In medieval times you could probably survive by swinging and hacking with your huge sword, but if your opponent is a skilled swordsman, swinging your sword could leave you open to attack. Therefore, sword fighting evolved from brute force to strategic thrusts, parries and feints. By the 17th century, the civilian rapier had reduced in size even further and was now called the "smallsword". Surprisingly, one of the most prominent purposes of the smallsword Civilians would decorate their smallswords according to their taste, current fads, family tradition, etc...

    Elsewhere, specialized swords had not disappeared. The broadsword was still widely used in German and Swiss armies, and the famous Scottish claymore was still used up until the 17th century. In most other militaries, the medieval sword had been replaced by the sword rapier, a heavier version of the civilian rapier. Around the time of the English Civil War, the sword rapier was in turn replaced by the "cavalry broadsword", which better protected the swordsman's knuckles by employing a basket guard design.


    Since the mid 1700's, the predominant type of sword was the sabre - a simple single-edge blade used primarily for cutting. By 1800, civilian smallswords had all but disappeared. It was rare to see anyone walking around with a sword by their side.

    In the military world, the sword still held its rightful place. In particular, the naval cutlass (short, slightly curved blade with heavy guard) gained in notoriety for its usefulness in close quarters and while climbing. For as long as guns were still single-shot weapons, armies across the world still relied on their loyal swords - even during the US civil war, the cavalry would still charge with their sabres. However, the invention of repeating firearms, for obvious reasons, put a quick end to the sword's authority. There were some (very) brave European cavalrymen used sabres in WWI and WWII, but their efforts turned out to be ineffective anachronisms.

    Nowadays, swords are mainly used for ceremonial purposes and as a mark of esteem or honor. Swords are still used in the militaries for the sake of tradition, but for the purpose of combat, swords are virtually extinct.


    The word "end" used above has two different interpretations. On one hand, "end" means conclusion or termination. In that sense, yes - for all means and purposes swords are something of the past.
    However, the alternative meaning of the word "end" provides us with additional insight. As you probably figured out already, "end" can also mean purpose. What is the purpose of swords if they belong in a museum, you ask? Collecting swords for fun isn't only a hobby, it is also a portal to our past! Swords were around for thousands of years, and their use changed the course of history countless times.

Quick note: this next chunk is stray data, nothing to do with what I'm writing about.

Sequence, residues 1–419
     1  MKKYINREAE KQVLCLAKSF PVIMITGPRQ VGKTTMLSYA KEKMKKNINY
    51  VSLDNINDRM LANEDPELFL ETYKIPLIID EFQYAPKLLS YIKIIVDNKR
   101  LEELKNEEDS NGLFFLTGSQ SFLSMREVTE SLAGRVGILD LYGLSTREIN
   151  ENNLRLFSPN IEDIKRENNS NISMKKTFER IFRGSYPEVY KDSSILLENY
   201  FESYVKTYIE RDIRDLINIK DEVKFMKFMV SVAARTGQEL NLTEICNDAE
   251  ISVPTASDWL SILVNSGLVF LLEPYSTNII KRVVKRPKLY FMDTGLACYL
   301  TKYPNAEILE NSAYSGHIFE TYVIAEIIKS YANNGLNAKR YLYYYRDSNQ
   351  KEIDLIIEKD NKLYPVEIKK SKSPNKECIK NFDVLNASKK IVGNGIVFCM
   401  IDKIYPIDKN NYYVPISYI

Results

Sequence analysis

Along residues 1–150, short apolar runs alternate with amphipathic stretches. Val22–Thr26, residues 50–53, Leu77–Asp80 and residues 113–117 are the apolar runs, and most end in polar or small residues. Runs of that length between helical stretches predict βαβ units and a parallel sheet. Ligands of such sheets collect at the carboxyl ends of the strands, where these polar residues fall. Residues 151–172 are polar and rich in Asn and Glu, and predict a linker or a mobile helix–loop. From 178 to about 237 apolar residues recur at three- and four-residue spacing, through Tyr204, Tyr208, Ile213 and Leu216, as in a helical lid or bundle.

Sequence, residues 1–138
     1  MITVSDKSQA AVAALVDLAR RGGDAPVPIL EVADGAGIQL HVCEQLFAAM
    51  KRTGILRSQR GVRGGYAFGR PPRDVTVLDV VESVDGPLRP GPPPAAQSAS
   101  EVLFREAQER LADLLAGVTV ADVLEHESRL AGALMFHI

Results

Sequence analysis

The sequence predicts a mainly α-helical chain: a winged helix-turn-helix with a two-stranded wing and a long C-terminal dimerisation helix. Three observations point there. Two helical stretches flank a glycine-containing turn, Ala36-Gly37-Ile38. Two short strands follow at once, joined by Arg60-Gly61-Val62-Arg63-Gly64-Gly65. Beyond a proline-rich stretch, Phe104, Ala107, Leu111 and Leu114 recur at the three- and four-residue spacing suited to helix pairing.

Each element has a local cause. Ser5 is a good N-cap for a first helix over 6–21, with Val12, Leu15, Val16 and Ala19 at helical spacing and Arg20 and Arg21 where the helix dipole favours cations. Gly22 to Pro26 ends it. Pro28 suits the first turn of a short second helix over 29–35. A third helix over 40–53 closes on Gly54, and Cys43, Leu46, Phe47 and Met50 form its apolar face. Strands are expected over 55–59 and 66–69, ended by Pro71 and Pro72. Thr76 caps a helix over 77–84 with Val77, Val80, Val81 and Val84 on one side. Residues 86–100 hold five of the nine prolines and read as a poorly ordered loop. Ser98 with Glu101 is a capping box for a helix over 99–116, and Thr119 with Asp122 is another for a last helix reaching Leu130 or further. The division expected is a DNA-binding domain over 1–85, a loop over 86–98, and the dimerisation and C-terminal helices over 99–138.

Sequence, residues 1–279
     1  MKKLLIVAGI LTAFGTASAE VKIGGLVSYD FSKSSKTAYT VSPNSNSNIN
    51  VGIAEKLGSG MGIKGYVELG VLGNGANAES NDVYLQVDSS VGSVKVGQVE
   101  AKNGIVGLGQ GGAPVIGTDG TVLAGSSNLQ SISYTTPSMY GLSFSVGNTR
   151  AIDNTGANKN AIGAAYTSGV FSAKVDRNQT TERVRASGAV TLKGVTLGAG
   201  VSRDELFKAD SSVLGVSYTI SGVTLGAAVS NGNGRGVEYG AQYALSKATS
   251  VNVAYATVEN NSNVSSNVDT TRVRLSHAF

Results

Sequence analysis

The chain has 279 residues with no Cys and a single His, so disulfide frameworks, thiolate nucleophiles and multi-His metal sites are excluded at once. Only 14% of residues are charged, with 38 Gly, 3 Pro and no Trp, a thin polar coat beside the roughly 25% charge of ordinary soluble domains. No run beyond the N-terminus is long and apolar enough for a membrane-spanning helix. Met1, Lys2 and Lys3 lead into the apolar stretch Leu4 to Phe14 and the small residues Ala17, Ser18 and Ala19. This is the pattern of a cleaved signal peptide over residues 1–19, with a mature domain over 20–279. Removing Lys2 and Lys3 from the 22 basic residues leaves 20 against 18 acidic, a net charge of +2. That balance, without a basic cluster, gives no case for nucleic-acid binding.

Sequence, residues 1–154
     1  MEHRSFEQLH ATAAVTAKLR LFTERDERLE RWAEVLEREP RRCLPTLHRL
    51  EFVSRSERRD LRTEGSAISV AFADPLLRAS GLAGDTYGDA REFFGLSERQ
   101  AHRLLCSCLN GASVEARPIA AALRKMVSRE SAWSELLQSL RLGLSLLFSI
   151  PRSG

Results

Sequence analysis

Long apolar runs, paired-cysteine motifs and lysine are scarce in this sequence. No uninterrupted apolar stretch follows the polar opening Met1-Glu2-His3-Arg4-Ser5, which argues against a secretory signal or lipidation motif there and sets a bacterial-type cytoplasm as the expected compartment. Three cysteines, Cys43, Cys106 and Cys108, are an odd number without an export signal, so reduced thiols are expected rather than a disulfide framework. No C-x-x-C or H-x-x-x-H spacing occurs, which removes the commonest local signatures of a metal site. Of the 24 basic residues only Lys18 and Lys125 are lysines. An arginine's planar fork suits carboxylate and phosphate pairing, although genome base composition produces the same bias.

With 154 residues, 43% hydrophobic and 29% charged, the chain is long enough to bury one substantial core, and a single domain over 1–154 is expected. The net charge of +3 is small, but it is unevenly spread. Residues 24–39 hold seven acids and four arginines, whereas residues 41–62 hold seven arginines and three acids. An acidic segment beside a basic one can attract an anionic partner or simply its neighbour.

With this in mind, I invite you to check out my store at You will find all sorts of replica swords, medieval swords, renaissance swords, and even some of the swords from your favorite movies (among other awesome movie props)!
    The author of this article owns Replica Power, a store specializing in replica swords, fantasy swords and movie prop replicas. You can e-mail him with questions at info at
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    Gerber Bear Grylls Scout Drop Point Knife

    Gerber's Bear Grylls' Scout Drop Point Knife™ is part of the Gerber / Bear Grylls Survival Series. This collaboration brings together over 70 years of knife and gear expertise with Bear's extensive outdoor survival and adventure experience to create one of a kind knives, tools and gear. Each item in the Survival Series is meticulously designed by Gerber and Bear to offer a multitude of uses in any environment. The Scout draws on Bear's experience as Chief UK Scout and figurehead to 28 million scouts worldwide. The Scout's half-serrated blade cuts through heavy-duty materials like rope, while an ergonomic, textured rubber handle provides a non-slip grip and maximum comfort. For added safety, the lockback feature locks the blade in place while it's open. Lightweight and portable, the Scout comes with a clip and is easy to carry in your pocket. Includes Bear Grylls' Priorities of Survival Pocket Guide.


    Gerber 22-41122 STL 2.0, Fine Edge Knife

    No thicker than three quarters stacked together and weighing only 1 ounce, the Gerber STL 2.0 (stands for Strong, Thin, and Light) folding knife rides comfortably in your pocket. The cut out in the 2.1-inch fine edge blade provides for easy one-handed opening, and the thin stainless steel handle features a lanyard hole and a unique frame lock for safety. The drop point blade is made from surgical-grade 7Cr17MoV stainless steel, and the handle has a titanium coating for improved corrosion resistance. The STL measures 5.1 inches long when open and 3 inches long when closed. Backed by a limited lifetime warranty.

    Victorinox Swiss Army Huntsman Pocket Knife

  • Handy Swiss Army multitool for campers, hunters, and other outdoorsmen
  • Includes large blade, small blade, can opener, bottle opener, and wire stripper
  • Reamer with sewing eye, scissors, corkscrew, toothpick, hook, and tweezers
  • Small and large screwdrivers and wood saw; housed in classic red body
  • Measures 3-1/2 inches long; carries lifetime warranty

  • Tac Force TF-705 Series Assisted Opening Folding Knife